26. I want my sexual style to adhere to the same standards of integrity and loving-kindness that apply in all areas of my life. More and more, my sexuality expresses love, passion, and joyful playfulness. I remain committed to a responsible adult style of relating and enjoying.

27. Confronted with the suffering in the world, I do not turn my eyes away, nor do I get stuck in blaming God or humanity but simply ask: "What then shall I do? What is the opportunity in this for my practice of loving-kindness?" I keep finding ways to respond even if it has to be minimal: "It is better to light one candle than to curse the darkness."

28. I want my caring concern to extend to the world around me. I am committing myself to fighting injustice in nonviolent ways. I support restorative rather than retributive justice. I am distressed and feel myself called to action by violations of human rights, nuclear armaments, economic and racial injustice. I tread with care on the earth with what St. Bonaventure called, "a courtesy toward natural things."

29. I appreciate that whatever love or wisdom I may have or show comes not from me but through me. I say thanks for these encouraging graces and yes to the stirring call to live up to them.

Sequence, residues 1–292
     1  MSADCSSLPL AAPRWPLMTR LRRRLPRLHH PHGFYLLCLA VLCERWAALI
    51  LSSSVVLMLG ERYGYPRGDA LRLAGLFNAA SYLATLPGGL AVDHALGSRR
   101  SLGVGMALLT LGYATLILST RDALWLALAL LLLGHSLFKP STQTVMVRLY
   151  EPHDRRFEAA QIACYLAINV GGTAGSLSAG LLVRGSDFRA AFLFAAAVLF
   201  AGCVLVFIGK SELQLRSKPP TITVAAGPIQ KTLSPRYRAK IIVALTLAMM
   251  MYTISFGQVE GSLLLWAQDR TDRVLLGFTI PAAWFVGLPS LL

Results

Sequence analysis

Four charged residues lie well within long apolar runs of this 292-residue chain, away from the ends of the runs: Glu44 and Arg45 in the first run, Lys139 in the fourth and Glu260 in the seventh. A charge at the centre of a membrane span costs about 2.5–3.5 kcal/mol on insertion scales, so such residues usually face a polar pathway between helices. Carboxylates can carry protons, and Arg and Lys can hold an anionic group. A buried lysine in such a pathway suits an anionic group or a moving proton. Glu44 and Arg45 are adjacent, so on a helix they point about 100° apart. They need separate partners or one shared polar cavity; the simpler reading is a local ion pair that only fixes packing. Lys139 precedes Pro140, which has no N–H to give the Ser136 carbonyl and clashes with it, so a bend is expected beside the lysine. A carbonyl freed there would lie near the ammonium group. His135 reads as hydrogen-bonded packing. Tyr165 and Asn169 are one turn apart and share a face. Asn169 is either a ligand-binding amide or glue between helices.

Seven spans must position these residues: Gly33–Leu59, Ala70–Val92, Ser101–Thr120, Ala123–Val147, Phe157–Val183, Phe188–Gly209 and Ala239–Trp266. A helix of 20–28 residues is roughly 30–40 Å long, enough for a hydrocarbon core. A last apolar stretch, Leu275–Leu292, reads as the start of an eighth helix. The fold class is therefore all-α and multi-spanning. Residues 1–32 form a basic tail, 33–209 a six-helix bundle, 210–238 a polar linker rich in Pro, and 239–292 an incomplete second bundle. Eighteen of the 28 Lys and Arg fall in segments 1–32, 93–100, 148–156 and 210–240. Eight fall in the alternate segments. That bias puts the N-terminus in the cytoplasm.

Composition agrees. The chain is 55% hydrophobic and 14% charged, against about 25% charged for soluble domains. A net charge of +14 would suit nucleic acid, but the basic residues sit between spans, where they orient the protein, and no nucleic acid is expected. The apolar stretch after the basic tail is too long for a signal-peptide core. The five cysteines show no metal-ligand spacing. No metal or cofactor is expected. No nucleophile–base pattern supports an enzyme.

30. I am not hard on myself when I fail to live up to these ideals. I just keep earnestly practicing. The sincerity of my intention and my ongoing efforts feel like the equivalent of success.

31. I do not think I am above other people because I honor this list. I do not demand that others follow it.

32. I am sharing this list with those who are open to it and I keep believing that someday these commitments can become the style not only of individuals but of corporations, institutions, churches, and nations.

May I show all the love I have
In any way I can
Here, now, and all the time,
To everything and everyone, including me,
Since love is what we are—and why.
Now nothing matters to me more
Or gives me greater joy.

Based on: Coming Home to Who You Are (Shambhala, 2012)


Part of the pain of opening to love is the recognition that it requires allowing one's self to be vulnerable. Friends can move, relationships can sour, people die - and to love in the face of this is among the most difficult and beautiful parts of life.